The late Philippine President Corazon C. Aquino, the country’s first woman Chief Executive and the first female president in Asia, makes history once more.
To commemorate Aquino’s fifth death anniversary on Aug. 1, the Philippine Postal Corp. (PhilPost) issued its first scented stamps featuring the floral paintings of the former President. For this limited-edition collector’s item, imported rose-scented ink will be printed on imported unwatermarked paper.
Depending on storage, the rose scent can last for more than two years, said PhilPost business line manager Enrique Tagle.
The floral-painting stamps were selected from the collection of Aquino’s close friends, who right away loaned the artworks for PhilPost to reproduce. Aquino’s former spokesperson Deedee Siytangco assisted PhilPost in selecting and contacting the owners of the paintings.
These include Aquino’s artwork in the private collection of Metrobank chair George Ty called “Enchanting Blossoms” and “Fifth Painting”; Philippine Economic Zone Authority (Peza) Director General Lilia de Lima’s “Blooms and Unity”; businessman Manuel Pangilinan’s “Rosary and Roses Series”; and Philippine Star president Miguel Belmonte’s “Overflowing with Good Wishes.”
“In observance of her fifth death anniversary, we would like to immortalize on stamps these fruits of her passion for painting, thus promoting its value, while we do our share in educating and inspiring the succeeding generations about this special talent of President Cory,” said Postmaster General Josie de la Cruz.
Four paintings will be featured in its four-stamp collection, with only 200,000 prints available. The souvenir sheet, with only 7,000 copies, will feature Pangilinan’s “Rosary and Roses Series.”
Each stamp costs P25, while the four-stamp collection sells at P100.
Stamps will be available at the Post Shop, Postage and Philatelic Division located at the Manila Central Post Office, all area offices and post offices nationwide.
“The ‘Rosary and Roses Series’ shows a side of President Aquino seldom seen by the public. It speaks of the forces that were her quiet source of strength… Forces that are not often seen as symbols of strength,” said Ramon Isberto, public affairs head of PLDT who spoke on behalf of Pangilinan.
Aquino, the self-proclaimed “plain housewife” who later on became Time magazine’s “Woman of the Year” in 1986, studied painting under the tutelage of artist Jeffrey Consumo in 1996, four years after her presidential term. Flowers and women dominated her artworks, usually in acrylic or oil on canvas.
Painting, next to prayer, became Aquino’s source of solace and meditation.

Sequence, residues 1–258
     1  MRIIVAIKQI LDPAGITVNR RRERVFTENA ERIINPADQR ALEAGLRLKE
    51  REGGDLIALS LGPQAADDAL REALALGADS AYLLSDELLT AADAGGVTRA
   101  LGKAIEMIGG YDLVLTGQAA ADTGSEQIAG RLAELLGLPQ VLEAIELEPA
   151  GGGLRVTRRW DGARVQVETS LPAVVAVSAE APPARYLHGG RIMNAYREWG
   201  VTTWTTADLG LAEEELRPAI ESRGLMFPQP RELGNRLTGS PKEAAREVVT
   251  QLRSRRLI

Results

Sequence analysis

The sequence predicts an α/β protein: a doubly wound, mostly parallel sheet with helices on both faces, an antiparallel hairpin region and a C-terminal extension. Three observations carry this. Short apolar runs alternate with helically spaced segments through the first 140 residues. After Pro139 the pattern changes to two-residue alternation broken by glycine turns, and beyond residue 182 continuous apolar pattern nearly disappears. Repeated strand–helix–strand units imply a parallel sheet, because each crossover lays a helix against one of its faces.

So passionate was Aquino with her rediscovered love for the art that when she met Peza’s Director General De Lima, she immediately talked her into painting. She and Aquino became fast friends after Aquino’s presidential term.
Despite the constant exchange of lighthearted ribbing between the two women, with De Lima insisting she was just a “mere lawyer, not an artist,” Aquino sent over painting materials to her house.
That left De Lima no other choice but to pick up the brush.
“Very few people know how persuasive Aquino can be,” De Lima said.
It was not long when De Lima found herself still painting at 2:30 in the morning. “I told her: ‘Look what you’ve done to me. I’m still painting at 2:30 a.m.!’” De Lima recalled, laughing.
In March 2008, the Aquino family announced that the former President was diagnosed with colorectal cancer. On Aug. 1 the next year, at age 76, Aquino passed away at the Makati Medical Center.
Stamps are like archival records of a country’s heritage, like visual narratives of a nation’s sovereignty, history and identity, said Chito Sobrepeña, president of Metrobank Foundation, who spoke on behalf of the Ty family.
“Aquino’s dedication to social development was authentic and inspiring. She never missed a board meeting even when her health had been compromised by illness. Her paintings immortalize the love of a leader who fought for our country’s democracy while maintaining a gentle heart, manifested through the creative expressions of her flower paintings,” Sobrepeña added. (Aquino served as chair of Metrobank Foundation Advisory Board from 1993 to her death in 2009.)
This is the second of the Aquino postal stamps printed by PhilPost. The first collection came out in 2009, to memorialize the 40th day of her passing.